Egyptian President Abdel Fatah al-Sissi, Saudi King Salman, U.S. first lady Melania Trump and President Trump visit the Global Center for Combating Extremist Ideology in May 2017 in Riyadh, Saudi Arabia. (Saudi Press Agency via AP)
Opinion writer

The Post’s Philip Bump writes: “The question of whether [President] Trump has financial interests has risen to prominence in recent weeks as questions about the disappearance of Washington Post columnist Jamal Khashoggi emerged. … Are there business ties we don’t know about? Trump assures us that there are not — or, at least, that there are none in Saudi Arabia.”

That phrasing by Trump is not even subtle; it’s a glaring dodge around the real issue, which is the extent to which the president and his son-in-law Jared Kushner directly benefit from Saudi money. The issue goes to the heart of questions about Trump’s loyalty to the United States’ interests over his own and whether he is in violation of constitutional provisions designed specifically to prevent foreign manipulation of our government and its policies.

The Post previously reported:

Trump’s business relationships with the Saudi government — and rich Saudi business executives — go back to at least the 1990s. In Trump’s hard times, a Saudi prince bought a superyacht and hotel from him. The Saudi government paid him $4.5 million for an apartment near the United Nations.

Business from Saudi-connected customers continued to be important after Trump won the presidency. Saudi lobbyists spent $270,000 last year to reserve rooms at Trump’s hotel in Washington. Just this year, Trump’s hotels in New York and Chicago reported significant upticks in bookings from Saudi visitors.

Reports also circulated this year that Crown Prince Mohammed bin Salman bragged that he had Kushner “in his pocket.” Whether he was referring to financial influence, or simply the ability to charm and manipulate the novice diplomat, is not clear.

This situation — fear of foreign manipulation of executive branch officials — is precisely what led the Founders to craft the foreign emoluments clause. Constitutional scholar Laurence Tribe tells me, “The tortured and lackluster response of the Trump administration to the Saudi kidnapping, torture, and [apparent] murder in Istanbul of Jamal Khashoggi, a permanent American resident who was a longtime critic of the Saudi rulers and their policies but was a Saudi patriot even as he wrote for The Washington Post … cannot be persuasively explained by any meaningful economic or national security benefit to the United States.” He explains, “On the contrary, the only plausible explanation of our shamefully weak response is the way the Saudi Royal Family and the government it constitutes has been and remains a rich source of unconstitutional Foreign Emoluments to President Trump personally and to his barely American version of a ‘royal’ family.” He continues: “The point of the Foreign emoluments clause was to eliminate even the suspicion that our leaders are governing and shaping U.S. policy on behalf of foreign princes and powers rather than on behalf of the American people. No proof of quid pro quo bribery, independently an impeachable offense, is needed. In this instance, sadly, even such proof might not be too hard for a Democratic House of Representatives to unearth.”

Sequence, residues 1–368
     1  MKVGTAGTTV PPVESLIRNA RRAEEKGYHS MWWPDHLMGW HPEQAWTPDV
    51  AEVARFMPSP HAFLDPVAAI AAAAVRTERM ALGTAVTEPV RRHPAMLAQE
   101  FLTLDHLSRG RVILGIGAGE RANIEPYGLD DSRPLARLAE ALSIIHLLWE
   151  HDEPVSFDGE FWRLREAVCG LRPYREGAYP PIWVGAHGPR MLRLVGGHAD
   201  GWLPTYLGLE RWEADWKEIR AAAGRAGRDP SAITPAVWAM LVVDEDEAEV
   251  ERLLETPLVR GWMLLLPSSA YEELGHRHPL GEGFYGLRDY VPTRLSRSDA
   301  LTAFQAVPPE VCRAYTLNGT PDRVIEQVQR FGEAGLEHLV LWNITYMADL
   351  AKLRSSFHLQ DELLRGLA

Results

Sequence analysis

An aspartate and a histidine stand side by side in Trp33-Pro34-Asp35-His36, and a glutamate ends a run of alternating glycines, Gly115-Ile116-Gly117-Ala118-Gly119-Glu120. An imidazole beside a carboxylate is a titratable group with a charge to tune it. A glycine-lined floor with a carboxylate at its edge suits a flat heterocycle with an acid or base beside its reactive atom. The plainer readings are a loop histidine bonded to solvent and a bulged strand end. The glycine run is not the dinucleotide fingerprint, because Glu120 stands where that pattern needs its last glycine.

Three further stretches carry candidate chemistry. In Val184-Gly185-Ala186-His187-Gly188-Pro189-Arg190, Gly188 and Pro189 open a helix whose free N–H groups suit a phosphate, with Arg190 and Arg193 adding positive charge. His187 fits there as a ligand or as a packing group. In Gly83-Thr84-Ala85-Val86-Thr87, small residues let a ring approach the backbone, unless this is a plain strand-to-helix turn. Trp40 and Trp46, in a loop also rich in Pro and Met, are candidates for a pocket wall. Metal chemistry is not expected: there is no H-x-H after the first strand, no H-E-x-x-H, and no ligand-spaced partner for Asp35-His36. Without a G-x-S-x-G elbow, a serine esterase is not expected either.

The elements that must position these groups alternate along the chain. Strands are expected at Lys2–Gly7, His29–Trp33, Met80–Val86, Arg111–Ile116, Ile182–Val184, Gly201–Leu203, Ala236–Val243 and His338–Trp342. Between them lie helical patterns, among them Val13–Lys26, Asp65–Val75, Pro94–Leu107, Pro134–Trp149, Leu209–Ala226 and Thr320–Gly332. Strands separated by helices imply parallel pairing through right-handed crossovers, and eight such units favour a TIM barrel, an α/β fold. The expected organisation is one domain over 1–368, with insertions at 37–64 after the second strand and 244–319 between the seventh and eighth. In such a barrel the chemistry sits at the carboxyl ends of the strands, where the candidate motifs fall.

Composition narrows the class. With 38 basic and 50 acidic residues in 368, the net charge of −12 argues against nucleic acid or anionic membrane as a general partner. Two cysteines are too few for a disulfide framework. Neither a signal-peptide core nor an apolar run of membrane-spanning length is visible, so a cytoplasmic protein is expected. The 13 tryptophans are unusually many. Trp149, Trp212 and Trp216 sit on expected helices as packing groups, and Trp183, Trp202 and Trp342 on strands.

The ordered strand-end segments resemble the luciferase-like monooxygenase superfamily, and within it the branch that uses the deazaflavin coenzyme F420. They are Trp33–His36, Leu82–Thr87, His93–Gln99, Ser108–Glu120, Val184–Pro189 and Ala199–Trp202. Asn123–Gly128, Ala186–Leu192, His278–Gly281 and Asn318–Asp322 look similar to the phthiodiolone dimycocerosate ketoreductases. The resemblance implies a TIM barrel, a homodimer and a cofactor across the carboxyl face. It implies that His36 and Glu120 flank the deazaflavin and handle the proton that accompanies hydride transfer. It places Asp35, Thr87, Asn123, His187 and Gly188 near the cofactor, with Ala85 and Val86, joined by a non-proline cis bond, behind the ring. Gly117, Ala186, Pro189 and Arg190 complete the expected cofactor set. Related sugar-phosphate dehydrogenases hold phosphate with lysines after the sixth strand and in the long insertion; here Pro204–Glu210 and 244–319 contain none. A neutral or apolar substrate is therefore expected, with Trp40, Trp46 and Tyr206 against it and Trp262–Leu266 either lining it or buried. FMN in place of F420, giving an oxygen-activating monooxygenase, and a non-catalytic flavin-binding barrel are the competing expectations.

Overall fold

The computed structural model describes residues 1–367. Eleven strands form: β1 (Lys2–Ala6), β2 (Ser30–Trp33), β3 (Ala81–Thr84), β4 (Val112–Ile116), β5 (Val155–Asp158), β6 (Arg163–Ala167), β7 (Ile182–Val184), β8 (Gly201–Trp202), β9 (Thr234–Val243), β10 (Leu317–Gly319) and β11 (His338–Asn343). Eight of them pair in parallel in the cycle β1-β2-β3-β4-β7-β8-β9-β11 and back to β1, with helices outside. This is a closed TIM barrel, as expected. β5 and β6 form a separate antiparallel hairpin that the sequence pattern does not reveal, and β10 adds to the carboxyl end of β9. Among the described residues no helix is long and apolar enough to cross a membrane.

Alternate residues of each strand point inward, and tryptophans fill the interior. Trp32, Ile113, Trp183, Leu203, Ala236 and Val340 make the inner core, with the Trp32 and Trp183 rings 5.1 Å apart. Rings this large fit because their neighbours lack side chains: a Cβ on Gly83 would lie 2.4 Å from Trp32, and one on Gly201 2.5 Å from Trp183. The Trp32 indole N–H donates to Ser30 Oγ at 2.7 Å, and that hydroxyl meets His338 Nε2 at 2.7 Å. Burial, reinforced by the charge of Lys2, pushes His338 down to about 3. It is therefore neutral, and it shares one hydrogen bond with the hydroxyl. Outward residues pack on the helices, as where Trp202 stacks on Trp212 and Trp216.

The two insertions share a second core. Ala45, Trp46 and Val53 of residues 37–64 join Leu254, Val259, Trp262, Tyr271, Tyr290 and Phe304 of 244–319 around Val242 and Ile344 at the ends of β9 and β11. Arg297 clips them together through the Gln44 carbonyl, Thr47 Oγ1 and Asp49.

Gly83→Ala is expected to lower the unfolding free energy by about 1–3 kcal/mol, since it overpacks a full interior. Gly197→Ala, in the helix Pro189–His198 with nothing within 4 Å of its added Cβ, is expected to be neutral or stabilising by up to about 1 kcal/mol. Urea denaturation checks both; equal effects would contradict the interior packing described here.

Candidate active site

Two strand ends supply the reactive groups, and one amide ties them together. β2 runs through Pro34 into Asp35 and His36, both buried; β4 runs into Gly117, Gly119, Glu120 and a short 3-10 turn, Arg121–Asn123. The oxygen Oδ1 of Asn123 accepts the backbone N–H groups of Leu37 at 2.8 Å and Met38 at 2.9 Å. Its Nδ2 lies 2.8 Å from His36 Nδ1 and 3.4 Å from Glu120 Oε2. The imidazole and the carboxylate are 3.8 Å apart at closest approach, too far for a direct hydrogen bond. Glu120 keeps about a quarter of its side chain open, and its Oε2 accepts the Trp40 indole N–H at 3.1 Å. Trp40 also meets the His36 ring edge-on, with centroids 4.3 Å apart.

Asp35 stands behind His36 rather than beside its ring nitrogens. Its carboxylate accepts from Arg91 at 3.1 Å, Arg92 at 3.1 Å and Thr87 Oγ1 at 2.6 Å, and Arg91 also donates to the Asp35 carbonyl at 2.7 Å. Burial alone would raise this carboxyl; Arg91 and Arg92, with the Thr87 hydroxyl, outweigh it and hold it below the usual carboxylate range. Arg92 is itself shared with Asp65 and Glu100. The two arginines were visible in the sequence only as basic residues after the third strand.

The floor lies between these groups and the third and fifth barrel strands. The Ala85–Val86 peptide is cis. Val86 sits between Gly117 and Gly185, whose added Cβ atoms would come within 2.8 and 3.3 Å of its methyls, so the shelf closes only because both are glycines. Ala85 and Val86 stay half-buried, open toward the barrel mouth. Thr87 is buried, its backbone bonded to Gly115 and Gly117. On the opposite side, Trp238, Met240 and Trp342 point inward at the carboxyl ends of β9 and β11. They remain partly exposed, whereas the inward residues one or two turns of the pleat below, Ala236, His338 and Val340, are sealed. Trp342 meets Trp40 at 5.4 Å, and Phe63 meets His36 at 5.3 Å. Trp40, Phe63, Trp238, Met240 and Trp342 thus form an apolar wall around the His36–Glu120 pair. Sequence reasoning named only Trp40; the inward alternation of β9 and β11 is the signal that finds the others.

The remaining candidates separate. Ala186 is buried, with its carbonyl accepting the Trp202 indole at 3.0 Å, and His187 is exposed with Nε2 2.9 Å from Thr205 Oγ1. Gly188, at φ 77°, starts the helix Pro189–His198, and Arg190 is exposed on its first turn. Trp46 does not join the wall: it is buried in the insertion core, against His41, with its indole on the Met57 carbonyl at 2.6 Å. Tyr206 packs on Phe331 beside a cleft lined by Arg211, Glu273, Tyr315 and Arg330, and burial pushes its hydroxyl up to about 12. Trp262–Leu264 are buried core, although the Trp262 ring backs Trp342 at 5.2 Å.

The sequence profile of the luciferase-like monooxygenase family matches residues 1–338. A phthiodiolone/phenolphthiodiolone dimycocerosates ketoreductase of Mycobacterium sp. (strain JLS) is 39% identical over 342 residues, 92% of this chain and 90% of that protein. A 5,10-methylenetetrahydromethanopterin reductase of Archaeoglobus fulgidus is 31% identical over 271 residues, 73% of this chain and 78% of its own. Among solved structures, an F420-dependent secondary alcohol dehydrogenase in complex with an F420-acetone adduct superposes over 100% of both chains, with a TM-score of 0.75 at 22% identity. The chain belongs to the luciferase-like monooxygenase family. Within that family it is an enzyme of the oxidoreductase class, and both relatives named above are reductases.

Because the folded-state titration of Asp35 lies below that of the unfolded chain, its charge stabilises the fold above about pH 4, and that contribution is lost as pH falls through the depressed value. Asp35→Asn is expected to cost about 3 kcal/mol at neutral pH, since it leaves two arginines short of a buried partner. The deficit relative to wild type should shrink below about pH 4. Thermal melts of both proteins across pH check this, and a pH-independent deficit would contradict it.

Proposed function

There are multiple lawsuits seeking to uncover and eliminate Trump’s receipt of foreign monies. Norman Eisen, of Citizens for Responsibility and Ethics in Washington (CREW), is leading the effort in two lawsuits, one brought by CREW and private parties and the other by the state of Maryland and the District of Columbia. Eisen tells me that “my colleagues and I have warned since Trump announced he would keep his businesses that doing so would violate the constitutional prohibition on ’emoluments’ from foreign governments — and create devastating conflicts of interests.” He points out that “we now have the latest of many examples with the president’s handling of the Khashoggi matter.” He notes that Trump’s past dealings with the Saudis, including ongoing money from his hotels, give us reason to wonder whether “his outrageously inadequate response is the result of these Saudi emoluments.” He argues that Trump “has behaved like a patsy, not an American president. All the more reason that we must get to the bottom of Saudi and other emoluments, and we intend to probe them in our litigation.”

If Democrats take the House, matters become much easier. The relevant committee can subpoena all documents (including tax returns) evidencing monies from state actors. The House — which has never officially approved Trump’s emoluments as spelled out in the Constitution — can vote to disallow them. In the meantime, the transformation of the United States from a constitutional republic to a Third World potentate continues — until the voters or the courts say otherwise.